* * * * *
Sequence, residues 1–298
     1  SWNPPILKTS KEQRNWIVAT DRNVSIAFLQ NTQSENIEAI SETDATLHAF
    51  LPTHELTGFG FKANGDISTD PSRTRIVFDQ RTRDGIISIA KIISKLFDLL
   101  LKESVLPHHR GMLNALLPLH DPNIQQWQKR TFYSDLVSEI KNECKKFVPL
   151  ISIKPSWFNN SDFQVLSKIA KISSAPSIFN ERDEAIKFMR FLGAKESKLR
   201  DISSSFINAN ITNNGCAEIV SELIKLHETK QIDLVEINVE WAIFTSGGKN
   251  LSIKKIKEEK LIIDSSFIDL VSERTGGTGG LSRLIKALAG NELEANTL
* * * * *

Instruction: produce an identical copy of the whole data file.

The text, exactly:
Sequence, residues 1–298
     1  SWNPPILKTS KEQRNWIVAT DRNVSIAFLQ NTQSENIEAI SETDATLHAF
    51  LPTHELTGFG FKANGDISTD PSRTRIVFDQ RTRDGIISIA KIISKLFDLL
   101  LKESVLPHHR GMLNALLPLH DPNIQQWQKR TFYSDLVSEI KNECKKFVPL
   151  ISIKPSWFNN SDFQVLSKIA KISSAPSIFN ERDEAIKFMR FLGAKESKLR
   201  DISSSFINAN ITNNGCAEIV SELIKLHETK QIDLVEINVE WAIFTSGGKN
   251  LSIKKIKEEK LIIDSSFIDL VSERTGGTGG LSRLIKALAG NELEANTL